Having a constant named after you ensures a hallowed place in astronomical history, and we can assume that Edwin Hubble would have been delighted with our continuing studies of the constant that bears his name. It was Hubble who showed that the velocity of distant galaxies as measured by their Doppler shift is proportional to their distance from the Earth. But what would the man behind the Hubble Constant have made of the ‘Hubble Bubble’? It’s based on the idea that our region of the cosmos is surrounded by a bubble of relatively empty space, a bubble some eight-billion light years across that helps account for our observations of the universe’s expansion.
The theory goes something like this: We assume that the Hubble Constant should be the same no matter where it is measured, because we make the larger assumption that our planet does not occupy a special position in the universe. But suppose that’s wrong, and that the Earth is near the center of a region of extremely low density. If that’s the case, then denser material outside that void would attract material away from the center. What we would see would be stars accelerating away from us at a rate faster than the more general expansion of the universe.
The Hubble Bubble is an ingenious notion, one of the ideas advanced as an alternative to dark energy to explain why the expansion of the universe seems to be accelerating. If you had to choose between a Hubble Bubble and a mysterious dark energy that worked counter to gravity, the Bubble would seem a safer choice, given that it doesn’t conjure up a new form of energy, but the observational evidence for the Bubble is lacking, and now the idea has been hobbled by new work by Adam Riess (Space Telescope Science Institute) and colleagues.
Deflating the Bubble
Riess used data from the new Wide Field Camera 3 (WFC3) aboard the Hubble Space Telescope to measure the Hubble Constant to a greater precision than ever before. The value the team arrived at — 73.8 kilometers per second per megaparsec — means that for every additional megaparsec (3.26 million light years) a galaxy is from Earth, it appears to be moving 73.8 kilometers per second faster away from us. The uncertainty over the figure for the universe’s expansion rate in the new observations has now been reduced to just 3.3 percent, reducing the error margin by a full 30 percent over the previous Hubble measurement in 2009.
The new precision is thanks to Wide Field Camera 3, which helps the scientists study a wider range of stars to eliminate systematic errors introduced by comparing the measurements of different telescopes. The team compared the apparent brightness of Type Ia supernovae and Cepheid variable stars to measure their intrinsic brightness and calculate the distances to Type Ia supernovae in distant galaxies. Riess calls WFC3 the best ever flown on Hubble for such measurements, adding that it improved “…the precision of prior measurements in a small fraction of the time it previously took.” Further WFC3 work should tighten the Constant even more, and even better numbers should be within range of the James Webb Space Telescope.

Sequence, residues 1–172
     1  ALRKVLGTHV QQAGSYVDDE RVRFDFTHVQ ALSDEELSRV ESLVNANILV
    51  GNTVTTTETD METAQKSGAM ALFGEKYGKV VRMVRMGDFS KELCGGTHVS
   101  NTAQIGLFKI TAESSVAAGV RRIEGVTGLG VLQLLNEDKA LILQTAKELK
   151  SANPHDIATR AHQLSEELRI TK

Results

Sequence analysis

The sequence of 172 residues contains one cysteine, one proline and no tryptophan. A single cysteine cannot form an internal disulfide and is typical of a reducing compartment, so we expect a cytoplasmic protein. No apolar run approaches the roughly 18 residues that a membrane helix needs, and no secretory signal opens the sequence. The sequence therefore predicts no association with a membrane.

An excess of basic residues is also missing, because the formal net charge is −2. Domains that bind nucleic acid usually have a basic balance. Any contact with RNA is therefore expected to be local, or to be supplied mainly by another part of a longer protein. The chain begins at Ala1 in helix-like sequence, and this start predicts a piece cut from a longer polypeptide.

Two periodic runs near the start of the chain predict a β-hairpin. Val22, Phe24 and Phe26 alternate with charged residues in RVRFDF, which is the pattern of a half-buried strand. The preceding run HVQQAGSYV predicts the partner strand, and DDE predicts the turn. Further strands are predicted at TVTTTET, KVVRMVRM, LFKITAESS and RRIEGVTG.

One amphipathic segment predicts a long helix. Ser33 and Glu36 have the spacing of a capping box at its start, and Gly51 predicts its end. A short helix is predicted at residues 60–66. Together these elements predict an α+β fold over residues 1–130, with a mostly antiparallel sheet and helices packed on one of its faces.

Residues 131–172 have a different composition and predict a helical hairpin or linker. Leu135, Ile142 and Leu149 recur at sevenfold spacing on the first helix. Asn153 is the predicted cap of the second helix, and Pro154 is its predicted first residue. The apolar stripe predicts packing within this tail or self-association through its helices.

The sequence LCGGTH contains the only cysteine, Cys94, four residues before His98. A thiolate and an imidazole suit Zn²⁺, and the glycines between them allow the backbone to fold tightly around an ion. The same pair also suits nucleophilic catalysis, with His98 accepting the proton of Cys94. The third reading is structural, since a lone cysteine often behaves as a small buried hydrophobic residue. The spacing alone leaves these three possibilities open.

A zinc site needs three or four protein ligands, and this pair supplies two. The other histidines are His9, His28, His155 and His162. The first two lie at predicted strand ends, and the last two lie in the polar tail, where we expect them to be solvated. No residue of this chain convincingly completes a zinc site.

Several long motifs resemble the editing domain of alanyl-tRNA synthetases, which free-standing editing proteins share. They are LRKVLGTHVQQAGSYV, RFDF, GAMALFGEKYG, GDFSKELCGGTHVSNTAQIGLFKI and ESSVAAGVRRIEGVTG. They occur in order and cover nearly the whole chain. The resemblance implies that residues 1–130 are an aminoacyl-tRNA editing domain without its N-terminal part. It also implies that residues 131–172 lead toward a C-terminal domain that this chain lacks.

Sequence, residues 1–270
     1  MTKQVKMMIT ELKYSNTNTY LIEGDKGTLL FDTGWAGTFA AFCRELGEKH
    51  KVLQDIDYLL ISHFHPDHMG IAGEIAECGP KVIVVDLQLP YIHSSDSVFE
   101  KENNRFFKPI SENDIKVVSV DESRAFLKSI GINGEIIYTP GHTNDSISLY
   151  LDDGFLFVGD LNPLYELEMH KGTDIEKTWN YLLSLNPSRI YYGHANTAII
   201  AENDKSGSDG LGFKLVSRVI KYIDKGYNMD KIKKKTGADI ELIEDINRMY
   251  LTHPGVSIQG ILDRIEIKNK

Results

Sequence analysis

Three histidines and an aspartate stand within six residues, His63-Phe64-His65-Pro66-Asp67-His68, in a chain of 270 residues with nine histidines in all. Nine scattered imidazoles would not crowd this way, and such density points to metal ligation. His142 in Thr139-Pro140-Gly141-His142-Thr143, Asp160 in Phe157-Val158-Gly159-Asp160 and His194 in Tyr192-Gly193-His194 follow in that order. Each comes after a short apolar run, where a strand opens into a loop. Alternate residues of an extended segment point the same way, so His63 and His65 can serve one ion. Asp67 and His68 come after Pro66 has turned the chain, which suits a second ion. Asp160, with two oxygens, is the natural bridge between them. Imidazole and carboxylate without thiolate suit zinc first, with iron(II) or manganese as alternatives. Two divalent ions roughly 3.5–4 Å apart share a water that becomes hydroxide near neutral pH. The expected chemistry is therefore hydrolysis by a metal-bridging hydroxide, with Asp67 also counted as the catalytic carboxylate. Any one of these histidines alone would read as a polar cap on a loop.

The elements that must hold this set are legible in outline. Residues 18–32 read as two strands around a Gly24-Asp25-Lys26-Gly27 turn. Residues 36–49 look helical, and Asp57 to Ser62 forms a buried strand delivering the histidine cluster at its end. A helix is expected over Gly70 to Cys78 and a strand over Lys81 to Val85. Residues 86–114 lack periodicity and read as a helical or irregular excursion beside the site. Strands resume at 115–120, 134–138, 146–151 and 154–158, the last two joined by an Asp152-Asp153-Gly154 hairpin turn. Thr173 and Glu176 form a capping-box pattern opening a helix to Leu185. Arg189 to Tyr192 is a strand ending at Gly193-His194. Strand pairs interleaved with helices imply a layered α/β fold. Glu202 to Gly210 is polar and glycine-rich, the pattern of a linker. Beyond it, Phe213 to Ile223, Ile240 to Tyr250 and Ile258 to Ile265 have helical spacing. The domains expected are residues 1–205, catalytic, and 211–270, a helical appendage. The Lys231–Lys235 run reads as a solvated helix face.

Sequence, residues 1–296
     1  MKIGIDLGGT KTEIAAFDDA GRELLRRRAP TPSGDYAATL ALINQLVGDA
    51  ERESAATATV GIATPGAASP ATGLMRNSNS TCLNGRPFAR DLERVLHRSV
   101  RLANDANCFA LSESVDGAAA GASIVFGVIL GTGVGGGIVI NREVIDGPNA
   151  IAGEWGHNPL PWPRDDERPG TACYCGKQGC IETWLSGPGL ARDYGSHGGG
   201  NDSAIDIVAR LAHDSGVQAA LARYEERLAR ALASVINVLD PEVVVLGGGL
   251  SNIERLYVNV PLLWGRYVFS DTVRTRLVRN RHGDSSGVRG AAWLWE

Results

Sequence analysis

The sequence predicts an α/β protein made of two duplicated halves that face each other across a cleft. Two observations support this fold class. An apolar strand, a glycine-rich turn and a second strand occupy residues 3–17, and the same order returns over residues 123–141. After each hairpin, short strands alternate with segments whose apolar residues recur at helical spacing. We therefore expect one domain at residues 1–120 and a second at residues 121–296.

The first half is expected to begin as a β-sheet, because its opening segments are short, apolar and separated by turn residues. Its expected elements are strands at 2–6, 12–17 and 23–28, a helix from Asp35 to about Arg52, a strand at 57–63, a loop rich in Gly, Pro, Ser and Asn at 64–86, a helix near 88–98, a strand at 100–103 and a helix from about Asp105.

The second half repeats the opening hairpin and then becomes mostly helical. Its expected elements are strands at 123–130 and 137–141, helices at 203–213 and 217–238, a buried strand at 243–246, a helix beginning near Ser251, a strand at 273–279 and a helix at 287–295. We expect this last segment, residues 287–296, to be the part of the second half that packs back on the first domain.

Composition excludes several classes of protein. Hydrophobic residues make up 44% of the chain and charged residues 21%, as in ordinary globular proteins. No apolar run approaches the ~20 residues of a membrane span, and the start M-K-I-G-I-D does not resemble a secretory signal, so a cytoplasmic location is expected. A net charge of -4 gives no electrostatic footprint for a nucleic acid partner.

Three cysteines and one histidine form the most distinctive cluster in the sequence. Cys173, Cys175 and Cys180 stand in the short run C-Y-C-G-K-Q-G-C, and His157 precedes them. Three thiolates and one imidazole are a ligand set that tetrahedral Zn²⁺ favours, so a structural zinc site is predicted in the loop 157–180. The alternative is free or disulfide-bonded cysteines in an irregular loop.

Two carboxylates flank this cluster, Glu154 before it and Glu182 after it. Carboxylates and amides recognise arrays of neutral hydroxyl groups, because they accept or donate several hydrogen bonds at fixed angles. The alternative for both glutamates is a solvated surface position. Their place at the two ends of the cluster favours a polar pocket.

This work is significant because as we tighten our knowledge of the universe’s expansion rate, we restrict the range of dark energy’s strength. The Bubble theory arose because scientists were looking for ways around a dark energy that opposed gravity. But the consequences of a Hubble Bubble are clear — if it’s there, the universe’s expansion rate must be slower than astronomers have calculated, with the lower-density bubble expanding faster than the more massive universe that surrounds it. Riess and team have tightened the Hubble Constant to the point where this lower value — 60 to 65 kilometers per second per megaparsec — is no longer tenable.
Lucas Macri (Texas A&M University), who collaborated with Riess, notes the importance of the study:
“The hardest part of the bubble theory to accept was that it required us to live very near the center of such an empty region of space. This has about a one in a million chance of occurring. But since we know that something weird is making the universe accelerate, it’s better to let the data be our guide.”
Riess, you may recall, is one of the co-discoverers of the universe’s accelerating expansion, having demonstrated that distant Type Ia supernovae were dimmer than they ought to be, an indication of additional distance that had to be the result of faster than expected expansion. Meanwhile, it’s extraordinary to realize how much the Hubble instrument has helped us pin down the value of the Hubble Constant, which had seen estimates varying by a factor of two before the telescope’s 1990 launch. This NASA news release points out that by 1999, the Hubble telescope had refined the value of the Hubble Constant to an error of about ten percent. Riess’ new work continues the 80-year measurement of this critical value and promises more to come.
The paper is Riess et al., “A 3% Solution: Determination of the Hubble Constant with the Hubble Space Telescope and Wide Field Camera 3,” Astrophysical Journal Vol. 730, Number 2 (April 1, 2011). Abstract available.